St. Ambrose Church is located in the small town of St. Nazianz, Wisconsin. This Roman Catholic Church was founded in 1898 by Father Ambrose Oschwald, an immigrant from Germany. Father Oschwald left his church in the village of Black Town, Germany, amid claims of mystical and prophetic works to avoid religious persecution from the town’s citizens.
But not every townsperson was critical of Father Oschwald. While in Germany, he amassed a following of believers who fled with him to the U.S. Father Oschwald and his cult-like following are said to have used a “divine white heifer’ to guide them through the forest. The heifer took them to what is now known as the village of St. Nazianz.
The land was held communally, with all members agreeing to divide tasks equally and work without pay. After settling, Father Oschwald and his followers formed “The Association of Oschwald Brothers and Sisters” simply referred to as “The Association.”
The Death of Father Oschwald
Father Oschwald fell ill in early 1873. There were reports of strange happenings as he succumbed to his illness, like pounding on the walls of his and other residents’ houses. The mysterious pounding stopped after his death on the morning of the next day, February 27th. Father Oschwald’s coffin remained unsealed 63 days after his death before he was moved to a burial site within the Church compound.
The Decline of The Association
The Association and, by extension, the community that Father Oschwald created started falling apart shortly after his death. The decline was mainly due to legal property battles that strained the Association’s membership and finances. In 1886, The Association invited Father Francis Mary of the Cross Jordan, a German Catholic priest and the founder of the Society of the Divine Savior (Salvatorians).
Later that year, the Association turned over its leadership and governorship of their remaining land to the Salvatorians. The remaining members of the Association thrived under The Salvatorians. During the 1920s and the 1930s, the Salvatorians beautified the church in brick and Gothic Revival styles. They also built a new church within the property, the new St. Ambrose Church.
In addition to the new church, the Salvatorians also built a new Monastery, utility and farm buildings, a garage, a gymnasium, and a Chapel for the Salvatorian sisters. Most of this construction went into creating accommodation for newly admitted seminarians, who at the time were quite a number. In 1939, the church hosted up to 150 seminarians.
Intake at the seminary started to decline in the 1960s. By the mid-1960s, only a few students were enrolling every year. This led the Salvatorians to convert the seminary to a school—the John F. Kennedy Preparatory High School.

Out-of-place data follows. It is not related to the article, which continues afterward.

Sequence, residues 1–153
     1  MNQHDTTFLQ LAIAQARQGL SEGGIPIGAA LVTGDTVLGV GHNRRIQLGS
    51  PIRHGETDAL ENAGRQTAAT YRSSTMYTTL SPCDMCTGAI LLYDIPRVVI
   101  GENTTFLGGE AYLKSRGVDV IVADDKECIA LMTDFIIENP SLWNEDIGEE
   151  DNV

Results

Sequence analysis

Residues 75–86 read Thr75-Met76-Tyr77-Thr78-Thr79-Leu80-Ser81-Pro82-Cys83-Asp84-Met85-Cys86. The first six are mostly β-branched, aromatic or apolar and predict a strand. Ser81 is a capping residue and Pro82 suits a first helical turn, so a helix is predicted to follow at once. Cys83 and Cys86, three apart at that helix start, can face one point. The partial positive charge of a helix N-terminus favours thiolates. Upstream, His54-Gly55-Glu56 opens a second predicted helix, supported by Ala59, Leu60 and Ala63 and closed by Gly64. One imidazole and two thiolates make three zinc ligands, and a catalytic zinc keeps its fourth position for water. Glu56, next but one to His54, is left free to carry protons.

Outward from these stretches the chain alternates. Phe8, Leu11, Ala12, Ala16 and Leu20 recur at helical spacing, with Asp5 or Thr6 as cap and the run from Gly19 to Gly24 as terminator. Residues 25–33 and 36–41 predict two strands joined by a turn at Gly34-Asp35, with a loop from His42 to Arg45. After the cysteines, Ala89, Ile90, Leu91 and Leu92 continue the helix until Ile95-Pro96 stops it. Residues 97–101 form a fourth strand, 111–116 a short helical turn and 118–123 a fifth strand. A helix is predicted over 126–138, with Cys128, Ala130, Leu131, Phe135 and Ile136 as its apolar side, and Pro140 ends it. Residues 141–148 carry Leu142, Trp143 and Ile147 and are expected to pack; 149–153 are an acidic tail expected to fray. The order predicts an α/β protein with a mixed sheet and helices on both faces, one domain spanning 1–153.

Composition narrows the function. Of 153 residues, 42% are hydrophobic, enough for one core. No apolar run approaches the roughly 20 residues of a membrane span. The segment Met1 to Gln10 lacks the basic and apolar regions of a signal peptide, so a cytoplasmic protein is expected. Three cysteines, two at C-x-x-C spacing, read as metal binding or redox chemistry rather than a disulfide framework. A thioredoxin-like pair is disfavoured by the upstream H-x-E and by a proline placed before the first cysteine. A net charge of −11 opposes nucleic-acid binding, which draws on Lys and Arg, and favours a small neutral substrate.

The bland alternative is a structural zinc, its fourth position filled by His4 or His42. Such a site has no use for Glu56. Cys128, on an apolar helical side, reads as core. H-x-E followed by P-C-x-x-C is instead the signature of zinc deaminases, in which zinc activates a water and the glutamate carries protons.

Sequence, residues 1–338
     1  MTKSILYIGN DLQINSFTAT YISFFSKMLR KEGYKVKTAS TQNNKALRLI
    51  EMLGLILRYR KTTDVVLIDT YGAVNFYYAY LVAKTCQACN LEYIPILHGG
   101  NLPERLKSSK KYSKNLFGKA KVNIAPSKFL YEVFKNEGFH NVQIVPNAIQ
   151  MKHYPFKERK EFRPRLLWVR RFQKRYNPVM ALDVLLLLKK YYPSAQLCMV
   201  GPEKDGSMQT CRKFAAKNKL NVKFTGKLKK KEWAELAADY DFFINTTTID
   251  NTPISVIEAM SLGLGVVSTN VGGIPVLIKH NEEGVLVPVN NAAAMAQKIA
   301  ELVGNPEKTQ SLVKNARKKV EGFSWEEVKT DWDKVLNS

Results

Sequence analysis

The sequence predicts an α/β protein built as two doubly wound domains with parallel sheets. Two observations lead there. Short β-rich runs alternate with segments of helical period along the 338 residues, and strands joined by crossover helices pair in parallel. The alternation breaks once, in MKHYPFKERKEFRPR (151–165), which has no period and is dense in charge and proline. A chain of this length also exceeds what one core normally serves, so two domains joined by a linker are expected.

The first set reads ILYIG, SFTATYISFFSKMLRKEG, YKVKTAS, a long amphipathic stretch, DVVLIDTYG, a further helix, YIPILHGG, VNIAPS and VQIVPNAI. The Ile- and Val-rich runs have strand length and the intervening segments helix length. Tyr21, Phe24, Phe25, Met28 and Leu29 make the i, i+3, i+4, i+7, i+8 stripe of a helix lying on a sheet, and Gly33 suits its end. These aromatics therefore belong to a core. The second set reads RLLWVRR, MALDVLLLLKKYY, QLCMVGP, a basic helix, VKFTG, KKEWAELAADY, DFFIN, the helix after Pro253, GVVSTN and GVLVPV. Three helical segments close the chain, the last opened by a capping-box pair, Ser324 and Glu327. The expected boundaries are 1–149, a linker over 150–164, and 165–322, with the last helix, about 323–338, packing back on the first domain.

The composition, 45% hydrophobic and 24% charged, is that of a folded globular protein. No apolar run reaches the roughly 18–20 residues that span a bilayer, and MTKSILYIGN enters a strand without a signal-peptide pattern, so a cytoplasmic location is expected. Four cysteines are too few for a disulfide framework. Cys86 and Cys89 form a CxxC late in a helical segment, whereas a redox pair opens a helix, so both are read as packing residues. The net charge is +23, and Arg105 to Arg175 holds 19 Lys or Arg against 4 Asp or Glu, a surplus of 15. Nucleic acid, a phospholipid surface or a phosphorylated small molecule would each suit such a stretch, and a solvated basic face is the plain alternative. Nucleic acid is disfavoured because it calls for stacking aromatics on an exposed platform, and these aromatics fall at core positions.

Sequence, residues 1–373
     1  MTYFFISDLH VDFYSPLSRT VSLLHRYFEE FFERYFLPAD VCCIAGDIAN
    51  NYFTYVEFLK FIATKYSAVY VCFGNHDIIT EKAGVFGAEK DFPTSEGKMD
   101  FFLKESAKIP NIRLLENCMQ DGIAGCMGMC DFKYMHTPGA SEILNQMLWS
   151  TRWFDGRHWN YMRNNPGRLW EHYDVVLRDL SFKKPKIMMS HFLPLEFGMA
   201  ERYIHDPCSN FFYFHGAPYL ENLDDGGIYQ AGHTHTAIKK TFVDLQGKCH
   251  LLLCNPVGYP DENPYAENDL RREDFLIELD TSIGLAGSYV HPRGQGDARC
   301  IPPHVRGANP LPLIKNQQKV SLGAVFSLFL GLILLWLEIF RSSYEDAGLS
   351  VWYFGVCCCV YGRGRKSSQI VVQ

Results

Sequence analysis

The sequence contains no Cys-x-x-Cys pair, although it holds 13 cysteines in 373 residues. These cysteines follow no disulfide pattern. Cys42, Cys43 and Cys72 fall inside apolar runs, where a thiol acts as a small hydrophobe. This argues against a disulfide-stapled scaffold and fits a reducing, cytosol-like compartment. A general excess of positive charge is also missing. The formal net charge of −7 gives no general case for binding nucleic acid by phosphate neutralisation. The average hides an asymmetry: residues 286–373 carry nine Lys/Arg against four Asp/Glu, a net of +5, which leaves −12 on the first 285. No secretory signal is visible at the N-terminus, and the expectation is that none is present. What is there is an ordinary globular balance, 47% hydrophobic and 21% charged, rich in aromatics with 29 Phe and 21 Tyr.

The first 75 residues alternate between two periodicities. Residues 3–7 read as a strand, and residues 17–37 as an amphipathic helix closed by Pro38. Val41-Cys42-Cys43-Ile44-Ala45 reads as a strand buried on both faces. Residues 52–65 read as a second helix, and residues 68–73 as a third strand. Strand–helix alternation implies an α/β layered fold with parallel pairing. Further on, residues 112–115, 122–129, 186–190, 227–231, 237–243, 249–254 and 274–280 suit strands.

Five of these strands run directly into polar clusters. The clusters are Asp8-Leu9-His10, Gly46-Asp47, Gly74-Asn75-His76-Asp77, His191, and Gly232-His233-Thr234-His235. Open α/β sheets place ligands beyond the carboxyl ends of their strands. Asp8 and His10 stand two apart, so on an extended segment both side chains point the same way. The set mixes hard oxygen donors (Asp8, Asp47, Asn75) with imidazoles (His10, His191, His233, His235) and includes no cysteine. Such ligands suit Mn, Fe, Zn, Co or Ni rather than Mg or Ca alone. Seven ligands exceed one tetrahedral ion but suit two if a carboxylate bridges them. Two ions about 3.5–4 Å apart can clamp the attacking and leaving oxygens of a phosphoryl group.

The following year, the school’s intake was at an all-time high, with the Salvatorians attempting to revive the once glorious seminary days. Unfortunately, the school was unable to maintain adequate enrollment, and it closed down in 1982.
The Haunting of John F. Kennedy Preparatory School
JFK Preparatory was rumored to be haunted. There were reports of unexplainable events happening in the school, attributed to the spirit of Father Oschwald, who is claimed to have cursed the church and other spirits of angry seminarians. The seminarians are said to have been mistreated by nuns while studying in the church.
There were also accounts of the ghost of a seminary’s former student who is said to have committed suicide in the school’s dormitory. Currently, the former JFK Preparatory building lies in ruins, abandoned.
Passed Around and Converted
After the school closed in 1982, the church complex went through several owners every decade or so. The property as it stands now has been severely neglected and vandalized. Most of its buildings are dilapidated and uninhabitable.
In 2008, United Ministries, a religious organization based in Green Bay, purchased the property and began its transformation to a Christian youth center campus. The Ministry has refurbished some of the church’s properties and buildings, including the former football field and several dormitories.
The organization has remodeled the former gymnasium into a thrift store and built a campground near Lake Oschwald. The thrift store is one of the St. Ambrose church properties open to visitors.
Even with these renovations, the main St. Ambrose Church building remains run-down and deserted, with only a temporary roof left to shelter curious visitors during the summer.
Despite its mysterious and slightly creepy history, the St. Ambrose Church in Wisconsin is a marvel to both visitors of St. Nazianz and long-term dwellers. The building is now a former shadow of itself with dimly lit windows and shabby structures but is still magnificent and full of history.